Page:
One of my favourite quotes from Strunk and White is, “Don’t compound ignorance with inaudibility.” While it is wise to not say anything if you’ve got nothing nice to say, at least in some circumstances, remaining silent just because you don’t know what you’re talking about benefits no one. You need to be open to correction, and if you don’t ask questions or share your views, you’ll never be able to grow.
We need to get over our fear of being wrong. If we don’t, we’ll never learn enough to be right.
“An articulated guess beats an unspoken assumption.”
-Fred Brooks in The Mythical Man-Month
Have you ever been a member of a committee that couldn’t make a decision? Or have you waited forever for your boss to make the call so you knew what direction to go? Maybe you’ve been that boss, and you can identify with the stress of trying to make a decision without having all the information you’d like to have.
In my experience, what paralyzes us from speaking our mind or making a decision is that we’re afraid we’ll be wrong. If we are wrong, people might not respect us as much, or the task at hand may be done incorrectly. And if we’re uncertain but feel the pressure to say or do something, anything, then we may try to hedge our bets and be vague. We’ll try to maintain some plausible deniability.
It is better to be concrete and to be open with our thoughts. If you don’t know the best course, admit it and get feedback, but then make the call. Be willing, if it turns out that your decision was wrong, to admit that you were wrong, and be open to change.
This isn’t a comfortable role to step into, but I’ve found it to be incredibly freeing and empowering. I have become very comfortable making decisions, and if the decision I make is wrong, I’ll accept the consequences of that. I have found it better to be decisive and occasionally wrong. And most of the time, it turns out that there was no truly wrong decision, nor a truly right decision. What was important was that we moved forward.
Once, several years ago, an employee of mine made the wrong decision. He wasn’t sure what was right to do, so he effectively did nothing and well over a hundred desktop computers became unusable because of this. He was afraid to ask for help because he worried it would make him look like he couldn’t handle the situation on his own, and he didn’t want to bring the problem to my attention because he was insecure about our relationship. Once it became clear that his strategy wasn’t working, he was at a loss and withdrew from the situation altogether.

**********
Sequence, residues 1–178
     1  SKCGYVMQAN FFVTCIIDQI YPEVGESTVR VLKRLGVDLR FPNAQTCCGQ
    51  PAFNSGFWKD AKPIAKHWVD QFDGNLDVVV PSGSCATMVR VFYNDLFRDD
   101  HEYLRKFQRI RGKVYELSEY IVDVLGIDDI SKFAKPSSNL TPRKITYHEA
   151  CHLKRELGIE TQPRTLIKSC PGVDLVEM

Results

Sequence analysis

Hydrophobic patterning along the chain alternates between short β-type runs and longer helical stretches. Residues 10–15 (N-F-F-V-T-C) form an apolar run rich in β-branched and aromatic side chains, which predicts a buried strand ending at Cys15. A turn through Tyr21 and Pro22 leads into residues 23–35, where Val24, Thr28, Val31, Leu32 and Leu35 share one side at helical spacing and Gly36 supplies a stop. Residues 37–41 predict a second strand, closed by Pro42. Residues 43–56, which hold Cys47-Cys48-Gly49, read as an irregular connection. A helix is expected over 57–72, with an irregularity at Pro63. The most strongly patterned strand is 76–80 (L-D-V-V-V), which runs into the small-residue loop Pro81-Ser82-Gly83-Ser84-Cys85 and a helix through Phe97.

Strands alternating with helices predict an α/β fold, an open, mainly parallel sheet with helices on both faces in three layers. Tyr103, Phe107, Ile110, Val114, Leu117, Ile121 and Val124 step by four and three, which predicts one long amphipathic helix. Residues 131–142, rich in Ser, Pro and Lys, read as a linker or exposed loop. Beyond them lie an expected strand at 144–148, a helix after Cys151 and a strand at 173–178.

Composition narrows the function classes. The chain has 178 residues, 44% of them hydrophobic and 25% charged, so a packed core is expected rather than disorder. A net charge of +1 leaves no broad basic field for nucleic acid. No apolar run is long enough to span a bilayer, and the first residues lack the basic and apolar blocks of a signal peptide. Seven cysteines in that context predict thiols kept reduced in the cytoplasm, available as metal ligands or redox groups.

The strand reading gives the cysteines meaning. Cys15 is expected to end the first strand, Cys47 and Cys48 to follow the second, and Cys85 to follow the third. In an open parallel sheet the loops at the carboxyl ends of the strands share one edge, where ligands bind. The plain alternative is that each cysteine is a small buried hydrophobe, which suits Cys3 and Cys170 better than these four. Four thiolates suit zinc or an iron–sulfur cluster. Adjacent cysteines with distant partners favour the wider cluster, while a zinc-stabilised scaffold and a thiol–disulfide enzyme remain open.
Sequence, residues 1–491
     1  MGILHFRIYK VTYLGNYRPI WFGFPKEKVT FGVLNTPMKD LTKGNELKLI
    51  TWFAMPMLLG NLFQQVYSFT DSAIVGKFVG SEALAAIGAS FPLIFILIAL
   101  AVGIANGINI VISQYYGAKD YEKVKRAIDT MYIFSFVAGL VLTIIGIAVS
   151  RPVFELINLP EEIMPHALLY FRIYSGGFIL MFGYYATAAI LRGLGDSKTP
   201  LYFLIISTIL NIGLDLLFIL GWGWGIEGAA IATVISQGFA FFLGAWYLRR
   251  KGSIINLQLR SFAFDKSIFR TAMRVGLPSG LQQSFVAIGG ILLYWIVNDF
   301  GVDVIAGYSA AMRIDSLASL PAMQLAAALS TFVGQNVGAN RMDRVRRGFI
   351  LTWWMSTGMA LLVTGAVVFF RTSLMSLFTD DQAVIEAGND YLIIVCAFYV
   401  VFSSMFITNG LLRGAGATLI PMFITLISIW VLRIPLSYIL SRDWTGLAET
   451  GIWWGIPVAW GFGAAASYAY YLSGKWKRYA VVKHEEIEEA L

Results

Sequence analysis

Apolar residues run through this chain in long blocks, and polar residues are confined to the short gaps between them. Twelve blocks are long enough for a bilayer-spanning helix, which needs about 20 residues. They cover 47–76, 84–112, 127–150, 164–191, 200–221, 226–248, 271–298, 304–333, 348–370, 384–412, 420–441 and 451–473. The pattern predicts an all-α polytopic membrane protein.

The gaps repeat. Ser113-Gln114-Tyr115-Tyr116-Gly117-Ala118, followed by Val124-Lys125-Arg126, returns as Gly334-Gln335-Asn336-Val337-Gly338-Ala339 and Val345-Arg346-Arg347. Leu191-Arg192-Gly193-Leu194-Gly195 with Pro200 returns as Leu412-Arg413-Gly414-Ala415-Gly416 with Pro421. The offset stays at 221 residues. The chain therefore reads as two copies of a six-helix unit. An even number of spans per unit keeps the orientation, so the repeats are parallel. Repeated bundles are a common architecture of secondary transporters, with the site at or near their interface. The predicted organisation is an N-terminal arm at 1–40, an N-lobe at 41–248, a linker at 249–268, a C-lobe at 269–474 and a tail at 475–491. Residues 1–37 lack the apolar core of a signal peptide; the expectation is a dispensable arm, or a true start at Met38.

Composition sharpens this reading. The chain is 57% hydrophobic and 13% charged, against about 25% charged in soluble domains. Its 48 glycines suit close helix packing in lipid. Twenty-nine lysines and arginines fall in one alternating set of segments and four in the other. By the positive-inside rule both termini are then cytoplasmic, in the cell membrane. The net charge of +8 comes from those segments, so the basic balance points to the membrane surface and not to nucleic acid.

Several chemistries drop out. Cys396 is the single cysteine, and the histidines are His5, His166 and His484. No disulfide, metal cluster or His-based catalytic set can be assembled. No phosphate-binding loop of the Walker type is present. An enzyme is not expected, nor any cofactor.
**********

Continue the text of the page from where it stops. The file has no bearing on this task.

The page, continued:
When confronted with challenging or frightening situations, like having a lot of equipment stop working, it can be difficult to truly think clearly. We feel that if we are explicit about the problem, even in the privacy of our own mind, the problem will somehow become more real than it was before and will then be inescapable. Our thoughts stay vague, with no clear path out of the problem, and we’re frozen in place.
The only true way out of a challenging situation is to move, and that takes explicit and decisive thought and action. Even if we’re wrong, we’re moving, and we can keep moving. By being wrong, we’ve eliminated a possibility, and we can move forward into something that might be right. But more often than not, by being explicit and thoughtful in the first place, we’ll be right and will have achieved our solution that much faster.
When two paths diverge, which should you take? At the end of all things, it hardly matters, so long as you take one of them.
For further reading, see The Mythical Man-Month by Fred Brooks and The Elements of Style by William Strunk and E.B. White. The latter won’t help you with management so much as with writing, but I still think it’s a great book.